The three earliest occurrences in Google Books search results are from the late 1950s, and they seem quite random.
From American Flint, vol. 47 (1957):
Changes are being made every day around the plant—it sure seems good to see a clean and clear floor space. Hey Gerald, sweep over in that other corner—you missed a spot.
Well, enough stuff this time. Next time more. Remember to buy American, think American, and don't ever forget that you are an American, and darn proud to be so!
From Finlay McDermid, See No Evil (1959) [two occurrences]:
It scared the hell out of me when a voice called down from the oak tree, "You missed a spot, boy." I couldn't have been more startled if I'd seen the real Cheshire Cat when I jerked my head up, instead of a grinning little girl...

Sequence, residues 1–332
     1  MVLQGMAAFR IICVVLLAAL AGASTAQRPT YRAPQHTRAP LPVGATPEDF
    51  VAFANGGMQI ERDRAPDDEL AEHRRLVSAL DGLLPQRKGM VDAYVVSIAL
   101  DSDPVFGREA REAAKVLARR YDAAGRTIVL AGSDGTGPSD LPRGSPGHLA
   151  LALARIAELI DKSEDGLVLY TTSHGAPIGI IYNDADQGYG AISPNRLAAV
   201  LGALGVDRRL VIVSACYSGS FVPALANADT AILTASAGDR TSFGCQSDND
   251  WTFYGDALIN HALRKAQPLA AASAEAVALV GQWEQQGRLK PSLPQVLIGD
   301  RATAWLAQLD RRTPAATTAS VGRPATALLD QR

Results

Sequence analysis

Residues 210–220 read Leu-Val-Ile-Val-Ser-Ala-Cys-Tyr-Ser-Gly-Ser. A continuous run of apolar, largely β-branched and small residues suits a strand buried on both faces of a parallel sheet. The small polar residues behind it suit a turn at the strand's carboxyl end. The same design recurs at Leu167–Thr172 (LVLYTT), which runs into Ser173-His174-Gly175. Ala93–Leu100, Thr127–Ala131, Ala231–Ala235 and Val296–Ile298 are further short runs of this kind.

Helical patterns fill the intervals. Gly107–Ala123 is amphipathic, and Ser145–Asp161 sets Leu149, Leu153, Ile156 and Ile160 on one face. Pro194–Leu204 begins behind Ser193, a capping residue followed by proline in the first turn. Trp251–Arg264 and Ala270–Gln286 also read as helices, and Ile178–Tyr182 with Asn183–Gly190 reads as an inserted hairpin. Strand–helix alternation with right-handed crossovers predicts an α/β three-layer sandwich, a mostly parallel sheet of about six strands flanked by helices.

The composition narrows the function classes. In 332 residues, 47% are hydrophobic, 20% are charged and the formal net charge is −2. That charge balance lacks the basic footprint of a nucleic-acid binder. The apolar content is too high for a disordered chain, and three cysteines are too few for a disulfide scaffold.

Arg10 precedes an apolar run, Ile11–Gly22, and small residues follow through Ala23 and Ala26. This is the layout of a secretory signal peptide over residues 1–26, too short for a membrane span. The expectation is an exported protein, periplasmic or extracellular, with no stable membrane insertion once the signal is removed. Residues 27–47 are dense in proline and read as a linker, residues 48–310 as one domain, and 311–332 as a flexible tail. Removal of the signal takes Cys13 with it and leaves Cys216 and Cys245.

"You missed a spot, Benjie. Run your mower over toward me."
From The Gopher: Annual Publication of the Student Body of the University of Minnesota, vol. 72 (1959):
You missed a spot, pledges. See that you stay alert and complete your projects with greater precision in the future. Service projects receive more than the usual collegian's attention from the members of Phi Epsilon Pi fraternity.
As these examples suggest, the phrase "you missed a spot" tends to come up in the context of a nit-picking supervisor looking for a shortcoming in a subordinate's work as a basis for teasing or criticizing the subordinate. (For some reason, military service seems like a natural environment for the phrase to flourish in.) The supervisor may be actual, in which case the fault-finding is likely to result in demerits of some kind levied against the subordinate, or pretend, in which case the phrase is usually jocular.
Having said all that, I don't think that using the phrase is funny, either.